Nelson, New Zealand – 2 March, 2017 – BASF, the world’s leading chemical company, has sponsored the Wasp Wipeout program taking place in the Nelson-Tasman region of New Zealand. Wasp Wipeout is a community-led conservation project that aims to significantly reduce German wasp and common wasp populations in the Nelson-Tasman region.
BASF will provide just over NZ$22,000 to support the project’s summer campaigns in 2017 and 2018. In New Zealand, wasps pose a serious threat to the biodiversity of the ecosystem, harming native birds and insects and competing for food with native species. They are estimated to cost the economy more than NZ$130 million per year, causing damage to primary industries and posing a significant threat to human health and outdoor recreational activities.
The control method adopted by the project, and approved for public use, utilises the protein-based wasp bait Vespex®, produced by a local company, Merchento, using BASF’s insecticide, fipronil. The resulting wasp bait is making a significant difference in the fight against these costly pests. The protein-based bait targets only wasps and is not attractive to non-target insects including bees. BASF worked closely with Merchento and the New Zealand Department of Conservation to develop procedures to ensure good stewardship around the use of the product.
David Hawkins, Managing Director and Chairman of BASF Australia and New Zealand, said “The protection of biodiversity is an important part of BASF’s commitment to sustainability. We are pleased to have been able to use our expertise to combat a problem that negatively impacts not only biodiversity, but public health and the economy.”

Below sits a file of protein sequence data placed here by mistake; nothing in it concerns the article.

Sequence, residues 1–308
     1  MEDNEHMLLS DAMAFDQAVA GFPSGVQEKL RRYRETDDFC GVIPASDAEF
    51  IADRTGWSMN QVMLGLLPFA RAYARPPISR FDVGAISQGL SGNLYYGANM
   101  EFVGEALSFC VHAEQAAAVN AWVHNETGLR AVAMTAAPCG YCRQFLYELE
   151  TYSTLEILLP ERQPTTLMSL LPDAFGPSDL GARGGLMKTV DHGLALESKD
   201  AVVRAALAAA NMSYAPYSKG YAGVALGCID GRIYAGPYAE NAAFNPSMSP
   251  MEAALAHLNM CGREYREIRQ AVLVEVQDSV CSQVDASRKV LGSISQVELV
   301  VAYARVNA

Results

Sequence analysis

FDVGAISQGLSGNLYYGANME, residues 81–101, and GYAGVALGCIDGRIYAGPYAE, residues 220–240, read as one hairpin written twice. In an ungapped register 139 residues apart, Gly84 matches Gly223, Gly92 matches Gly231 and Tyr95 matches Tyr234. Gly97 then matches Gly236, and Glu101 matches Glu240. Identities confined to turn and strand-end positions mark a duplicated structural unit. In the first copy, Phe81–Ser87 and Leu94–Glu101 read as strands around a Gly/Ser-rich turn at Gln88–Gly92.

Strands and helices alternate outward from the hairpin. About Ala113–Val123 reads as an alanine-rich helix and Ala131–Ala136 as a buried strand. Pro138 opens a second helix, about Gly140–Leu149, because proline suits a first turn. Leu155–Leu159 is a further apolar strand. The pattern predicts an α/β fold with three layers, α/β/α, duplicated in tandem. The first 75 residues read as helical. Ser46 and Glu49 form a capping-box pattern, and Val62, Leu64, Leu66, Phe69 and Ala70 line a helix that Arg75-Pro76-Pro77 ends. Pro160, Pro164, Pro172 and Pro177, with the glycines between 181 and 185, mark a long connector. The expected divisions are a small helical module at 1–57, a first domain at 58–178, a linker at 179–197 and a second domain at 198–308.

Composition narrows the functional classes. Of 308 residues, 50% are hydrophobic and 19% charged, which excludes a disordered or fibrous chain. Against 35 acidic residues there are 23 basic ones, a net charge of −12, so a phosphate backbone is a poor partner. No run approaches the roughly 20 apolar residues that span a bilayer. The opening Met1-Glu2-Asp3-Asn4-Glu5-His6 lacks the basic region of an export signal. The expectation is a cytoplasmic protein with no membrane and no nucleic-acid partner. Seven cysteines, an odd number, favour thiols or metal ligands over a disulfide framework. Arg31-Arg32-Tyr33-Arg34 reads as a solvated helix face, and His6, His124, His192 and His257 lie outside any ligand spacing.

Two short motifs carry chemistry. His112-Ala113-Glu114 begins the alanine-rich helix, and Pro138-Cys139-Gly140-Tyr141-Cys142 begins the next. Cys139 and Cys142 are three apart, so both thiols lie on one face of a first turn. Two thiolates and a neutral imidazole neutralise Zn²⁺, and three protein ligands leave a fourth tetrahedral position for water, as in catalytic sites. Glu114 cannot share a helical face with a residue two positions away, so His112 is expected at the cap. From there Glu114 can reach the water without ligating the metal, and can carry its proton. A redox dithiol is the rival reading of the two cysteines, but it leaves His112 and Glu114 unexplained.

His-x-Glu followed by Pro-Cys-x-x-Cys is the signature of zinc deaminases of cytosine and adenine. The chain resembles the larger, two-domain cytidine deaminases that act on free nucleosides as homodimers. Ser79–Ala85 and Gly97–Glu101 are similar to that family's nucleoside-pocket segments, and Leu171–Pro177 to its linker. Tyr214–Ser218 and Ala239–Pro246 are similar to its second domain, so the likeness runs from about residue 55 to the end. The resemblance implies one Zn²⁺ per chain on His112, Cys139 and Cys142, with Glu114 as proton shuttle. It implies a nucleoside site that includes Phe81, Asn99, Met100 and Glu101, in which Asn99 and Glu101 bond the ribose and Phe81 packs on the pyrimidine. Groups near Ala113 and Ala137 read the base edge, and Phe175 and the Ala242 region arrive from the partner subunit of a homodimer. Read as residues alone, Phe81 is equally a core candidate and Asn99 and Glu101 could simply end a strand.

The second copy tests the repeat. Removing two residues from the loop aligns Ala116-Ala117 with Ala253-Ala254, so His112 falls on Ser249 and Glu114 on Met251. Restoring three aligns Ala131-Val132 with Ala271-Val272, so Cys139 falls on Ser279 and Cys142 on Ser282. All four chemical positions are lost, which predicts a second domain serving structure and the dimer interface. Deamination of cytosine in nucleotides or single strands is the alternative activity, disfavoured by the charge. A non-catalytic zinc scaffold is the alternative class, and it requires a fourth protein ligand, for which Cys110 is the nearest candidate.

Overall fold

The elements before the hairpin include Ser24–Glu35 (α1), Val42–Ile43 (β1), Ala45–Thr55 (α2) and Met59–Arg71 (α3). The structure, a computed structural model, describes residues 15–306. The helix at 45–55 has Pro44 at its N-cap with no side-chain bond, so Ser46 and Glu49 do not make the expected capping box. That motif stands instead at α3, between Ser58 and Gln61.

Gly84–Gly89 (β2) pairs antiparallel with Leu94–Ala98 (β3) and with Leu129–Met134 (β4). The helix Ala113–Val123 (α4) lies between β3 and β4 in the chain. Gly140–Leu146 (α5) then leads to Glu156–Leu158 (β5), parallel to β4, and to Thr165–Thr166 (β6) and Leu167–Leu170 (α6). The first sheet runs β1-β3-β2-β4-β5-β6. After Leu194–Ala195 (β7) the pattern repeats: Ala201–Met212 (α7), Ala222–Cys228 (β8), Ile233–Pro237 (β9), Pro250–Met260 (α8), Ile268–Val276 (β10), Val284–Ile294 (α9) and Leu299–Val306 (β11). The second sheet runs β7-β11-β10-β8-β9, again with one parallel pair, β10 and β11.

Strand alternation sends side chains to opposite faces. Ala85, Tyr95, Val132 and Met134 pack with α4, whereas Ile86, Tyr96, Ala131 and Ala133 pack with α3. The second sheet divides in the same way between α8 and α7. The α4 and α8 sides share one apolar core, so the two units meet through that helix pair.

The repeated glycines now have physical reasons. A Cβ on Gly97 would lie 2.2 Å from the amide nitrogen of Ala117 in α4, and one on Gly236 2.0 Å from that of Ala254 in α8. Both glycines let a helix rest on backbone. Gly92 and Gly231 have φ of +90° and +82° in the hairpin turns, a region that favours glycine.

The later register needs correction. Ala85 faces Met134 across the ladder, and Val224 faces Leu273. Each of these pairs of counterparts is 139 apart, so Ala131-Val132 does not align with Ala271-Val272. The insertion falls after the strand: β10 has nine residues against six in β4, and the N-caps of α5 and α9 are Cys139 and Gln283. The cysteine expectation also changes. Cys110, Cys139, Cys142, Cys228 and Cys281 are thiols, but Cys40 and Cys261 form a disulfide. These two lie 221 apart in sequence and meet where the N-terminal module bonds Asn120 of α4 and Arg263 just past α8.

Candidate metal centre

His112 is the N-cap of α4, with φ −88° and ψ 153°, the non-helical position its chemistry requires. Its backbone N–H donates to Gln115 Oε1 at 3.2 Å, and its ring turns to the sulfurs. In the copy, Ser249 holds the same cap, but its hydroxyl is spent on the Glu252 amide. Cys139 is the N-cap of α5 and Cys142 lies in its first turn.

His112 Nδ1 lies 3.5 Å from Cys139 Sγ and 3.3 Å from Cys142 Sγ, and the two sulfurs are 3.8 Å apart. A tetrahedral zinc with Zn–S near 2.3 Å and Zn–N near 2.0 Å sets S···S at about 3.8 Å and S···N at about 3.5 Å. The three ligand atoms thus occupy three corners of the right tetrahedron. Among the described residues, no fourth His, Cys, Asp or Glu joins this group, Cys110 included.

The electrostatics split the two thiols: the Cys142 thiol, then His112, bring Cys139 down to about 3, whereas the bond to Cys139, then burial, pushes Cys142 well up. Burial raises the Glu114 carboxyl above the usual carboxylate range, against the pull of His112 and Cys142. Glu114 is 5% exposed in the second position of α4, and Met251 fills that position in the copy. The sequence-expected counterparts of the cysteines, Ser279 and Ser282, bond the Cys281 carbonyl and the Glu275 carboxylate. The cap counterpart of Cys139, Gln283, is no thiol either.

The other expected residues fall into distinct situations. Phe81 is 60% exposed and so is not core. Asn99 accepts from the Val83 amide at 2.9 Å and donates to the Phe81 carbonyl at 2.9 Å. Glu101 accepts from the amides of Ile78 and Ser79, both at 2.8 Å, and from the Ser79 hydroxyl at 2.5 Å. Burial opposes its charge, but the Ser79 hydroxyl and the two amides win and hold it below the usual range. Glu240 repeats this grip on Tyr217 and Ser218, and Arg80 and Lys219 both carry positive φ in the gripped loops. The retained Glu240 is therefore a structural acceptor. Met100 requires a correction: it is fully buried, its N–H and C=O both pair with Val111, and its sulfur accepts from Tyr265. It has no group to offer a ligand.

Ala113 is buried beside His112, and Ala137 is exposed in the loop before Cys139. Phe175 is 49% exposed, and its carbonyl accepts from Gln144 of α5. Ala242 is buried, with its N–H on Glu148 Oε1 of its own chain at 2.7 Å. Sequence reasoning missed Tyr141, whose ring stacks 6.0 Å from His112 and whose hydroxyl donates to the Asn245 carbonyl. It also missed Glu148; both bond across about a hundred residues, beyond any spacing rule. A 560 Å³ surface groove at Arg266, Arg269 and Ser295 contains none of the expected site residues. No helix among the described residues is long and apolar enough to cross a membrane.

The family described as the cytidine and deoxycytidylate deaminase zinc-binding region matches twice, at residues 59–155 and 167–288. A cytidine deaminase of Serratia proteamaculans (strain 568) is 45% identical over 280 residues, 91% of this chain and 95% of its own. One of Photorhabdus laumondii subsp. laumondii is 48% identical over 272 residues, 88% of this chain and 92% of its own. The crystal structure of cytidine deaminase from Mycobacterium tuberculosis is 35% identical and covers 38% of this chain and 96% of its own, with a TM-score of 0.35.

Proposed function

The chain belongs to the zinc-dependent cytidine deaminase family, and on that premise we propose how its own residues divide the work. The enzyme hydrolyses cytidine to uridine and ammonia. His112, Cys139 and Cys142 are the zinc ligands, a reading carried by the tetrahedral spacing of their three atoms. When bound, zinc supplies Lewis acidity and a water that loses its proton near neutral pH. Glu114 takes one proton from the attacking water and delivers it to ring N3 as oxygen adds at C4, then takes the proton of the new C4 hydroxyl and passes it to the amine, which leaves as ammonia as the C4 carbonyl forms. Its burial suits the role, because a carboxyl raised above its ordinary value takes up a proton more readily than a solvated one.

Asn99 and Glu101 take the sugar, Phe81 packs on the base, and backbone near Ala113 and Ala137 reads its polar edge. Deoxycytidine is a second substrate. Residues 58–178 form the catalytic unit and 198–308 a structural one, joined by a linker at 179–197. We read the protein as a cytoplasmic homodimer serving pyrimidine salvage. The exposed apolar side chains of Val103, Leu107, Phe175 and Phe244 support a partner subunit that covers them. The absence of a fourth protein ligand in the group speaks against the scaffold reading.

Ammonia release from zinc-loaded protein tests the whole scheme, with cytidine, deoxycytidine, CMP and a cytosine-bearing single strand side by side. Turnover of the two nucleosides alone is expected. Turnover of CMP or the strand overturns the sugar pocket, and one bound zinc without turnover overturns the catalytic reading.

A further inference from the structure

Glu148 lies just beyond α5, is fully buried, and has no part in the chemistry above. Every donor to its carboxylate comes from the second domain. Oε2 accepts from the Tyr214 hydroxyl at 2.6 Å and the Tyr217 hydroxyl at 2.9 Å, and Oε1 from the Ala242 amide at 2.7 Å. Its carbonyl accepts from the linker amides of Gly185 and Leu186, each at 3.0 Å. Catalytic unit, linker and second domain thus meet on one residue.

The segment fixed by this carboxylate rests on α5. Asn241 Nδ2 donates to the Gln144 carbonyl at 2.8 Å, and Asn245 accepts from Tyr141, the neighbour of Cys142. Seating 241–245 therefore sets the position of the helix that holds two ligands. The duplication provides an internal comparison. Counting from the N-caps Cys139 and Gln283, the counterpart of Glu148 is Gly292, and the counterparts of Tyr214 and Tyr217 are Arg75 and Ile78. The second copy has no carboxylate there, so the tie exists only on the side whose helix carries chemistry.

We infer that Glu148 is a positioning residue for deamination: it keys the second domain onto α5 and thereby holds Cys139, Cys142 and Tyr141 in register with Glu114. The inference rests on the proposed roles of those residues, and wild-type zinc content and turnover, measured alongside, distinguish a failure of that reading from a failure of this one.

Vespex is currently the only available tool for the cost-effective management of wasp populations across wide areas where it is impractical to locate and destroy individual nests.
fipronil, the active ingredient of the bait, is a broad-spectrum insecticide that disrupts the central nervous system of the insect. It is used at a low concentration in the bait, which allows the wasp time to return to and contaminate the nest before succumbing to the poison. The use of fipronil in wasp baiting has been shown to be extremely effective in controlling wasps in large scale trials conducted by the Department of Conservation in the Nelson-Tasman region. BASF has worked to ensure the adoption of good stewardship practices with the use of Vespex bait so that native species are protected.
The Wasp Wipeout project involves a number of local organizations including the Nelson Mail newspaper, the New Zealand Department of Conservation, the Tasman Environmental Trust, Nelson City Council, Tasman District Council and various community groups. The program invites local residents and organisations to have their areas baited by an approved user and volunteers. The program will be completed over an intensive baiting period this February in an attempt to eradicate wasps from the region.